By Kevin Williams
You know, you’d think there’d have to be a better name for this recipe. But, alas, they are called lard cakes. It’s an old doughnut type recipe from the Swiss Indiana Amish. This particular doughnut is most popular on hog butchering day, which usually occurs in late winter (February or March). Hog butchering is hot, messy work and you don’t want to be doing it in the middle of June or July, that is for sure. So hog-butchering is usually a task saved for after the holiday and New Year’s rush during one of the quietest times of year. So I am sure these lard cakes are being fried up in some Amish kitchens right about now somewhere.
I remember being on WHO radio in Des Moines back in the mid-90s talking about this recipe and the host just thought it was a hilarious name. He didn’t think I was serious but, I told him, lard cakes is the name.
The Amish Cook column ran the lard cakes recipe once back in the mid-90s. That is when the Amish Cook made a brief one column run in The Flint Journal in Michigan. The food editor thought the recipe was fascinating and decided to do a contract to run The Amish Cook one time in the paper. SIGH, I was hoping I could persuade him to carry it permanently, but no luck.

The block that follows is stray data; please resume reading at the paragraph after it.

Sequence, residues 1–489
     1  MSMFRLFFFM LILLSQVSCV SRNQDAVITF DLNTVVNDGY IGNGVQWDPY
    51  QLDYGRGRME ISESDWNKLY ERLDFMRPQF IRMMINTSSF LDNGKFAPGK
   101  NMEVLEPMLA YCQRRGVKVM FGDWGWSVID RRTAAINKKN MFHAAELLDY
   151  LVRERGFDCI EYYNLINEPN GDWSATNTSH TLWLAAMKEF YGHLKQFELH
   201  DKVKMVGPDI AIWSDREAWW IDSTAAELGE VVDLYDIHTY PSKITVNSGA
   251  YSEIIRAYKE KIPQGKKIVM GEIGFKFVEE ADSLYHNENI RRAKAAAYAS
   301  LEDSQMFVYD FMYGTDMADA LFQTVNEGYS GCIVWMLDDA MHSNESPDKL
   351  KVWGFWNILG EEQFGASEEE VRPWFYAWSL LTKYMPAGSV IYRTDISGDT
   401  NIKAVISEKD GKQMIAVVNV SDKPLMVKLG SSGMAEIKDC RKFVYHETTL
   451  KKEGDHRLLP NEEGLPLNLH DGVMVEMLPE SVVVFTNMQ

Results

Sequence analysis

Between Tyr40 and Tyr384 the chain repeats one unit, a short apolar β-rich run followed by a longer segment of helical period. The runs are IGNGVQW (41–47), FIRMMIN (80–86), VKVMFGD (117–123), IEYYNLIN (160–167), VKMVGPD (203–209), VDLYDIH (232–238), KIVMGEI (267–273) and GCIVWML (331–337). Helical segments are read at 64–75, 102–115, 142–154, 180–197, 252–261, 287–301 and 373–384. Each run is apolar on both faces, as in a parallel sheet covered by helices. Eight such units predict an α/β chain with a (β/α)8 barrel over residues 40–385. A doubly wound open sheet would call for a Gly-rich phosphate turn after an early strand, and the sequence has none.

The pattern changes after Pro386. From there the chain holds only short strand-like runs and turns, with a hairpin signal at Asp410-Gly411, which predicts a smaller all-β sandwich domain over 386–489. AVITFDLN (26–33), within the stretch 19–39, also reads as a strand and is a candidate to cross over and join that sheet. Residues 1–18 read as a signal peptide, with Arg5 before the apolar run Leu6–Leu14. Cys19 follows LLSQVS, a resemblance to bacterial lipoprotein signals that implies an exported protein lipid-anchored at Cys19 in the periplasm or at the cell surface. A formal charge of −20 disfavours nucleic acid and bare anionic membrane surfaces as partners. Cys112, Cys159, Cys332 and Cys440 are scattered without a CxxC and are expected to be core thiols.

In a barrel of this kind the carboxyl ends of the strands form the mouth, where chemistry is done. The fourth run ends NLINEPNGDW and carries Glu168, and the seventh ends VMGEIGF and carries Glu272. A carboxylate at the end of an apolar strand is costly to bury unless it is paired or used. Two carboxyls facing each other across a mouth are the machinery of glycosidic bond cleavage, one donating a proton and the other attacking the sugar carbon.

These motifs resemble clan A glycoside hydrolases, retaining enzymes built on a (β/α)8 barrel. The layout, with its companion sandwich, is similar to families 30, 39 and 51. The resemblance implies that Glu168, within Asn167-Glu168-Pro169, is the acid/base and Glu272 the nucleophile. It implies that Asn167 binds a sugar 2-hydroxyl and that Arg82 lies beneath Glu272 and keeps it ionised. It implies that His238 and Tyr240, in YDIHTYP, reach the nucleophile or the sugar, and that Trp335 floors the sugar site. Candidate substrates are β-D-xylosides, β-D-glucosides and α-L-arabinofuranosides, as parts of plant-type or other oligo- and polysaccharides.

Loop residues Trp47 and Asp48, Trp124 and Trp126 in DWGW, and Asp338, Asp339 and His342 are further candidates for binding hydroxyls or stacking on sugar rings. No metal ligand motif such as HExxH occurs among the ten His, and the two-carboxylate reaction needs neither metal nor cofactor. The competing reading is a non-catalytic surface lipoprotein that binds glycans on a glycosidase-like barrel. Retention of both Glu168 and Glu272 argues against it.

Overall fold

Lard cakes get their rather unappealing name because they’re traditionally deep-fried in melted lard, but this recipe works just as well with vegetable shortening. Oh well, here is this well-traveled, funny-named recipe that is basically just a doughnut.
Serves: 24 cakes
- 1½ c heavy cream
- 2¼ c sour milk
- 2 heaping tsp baking soda
- 3 lg eggs
- 3 to 4 c all-purpose flour
- ½ teaspoon salt
- 3 tsp sugar, plus sugar for rolling
- Lard or vegetable shortening, for frying
- COMBINE the cream, sour milk, baking soda, eggs, and flour in a large bowl.
- The consistency should be similar to that of a pie dough, so add a little more flour if needed.
- Add the salt and sugar.
- Roll out to a 1 /4-inch thickness and cut up into any shapes as big as you wish, or into 2 by 4-inch pieces.
- Cut a 2½-inch slit in the center of each cake. Make sure the slit goes completely through the cake.
- HEAT the lard in a deep kettle or pan to a depth of about 2 inches until very hot.
- Fry the cakes in batches until golden, about 1 minute on each side.
- Roll the cakes in a pan of sugar while still warm.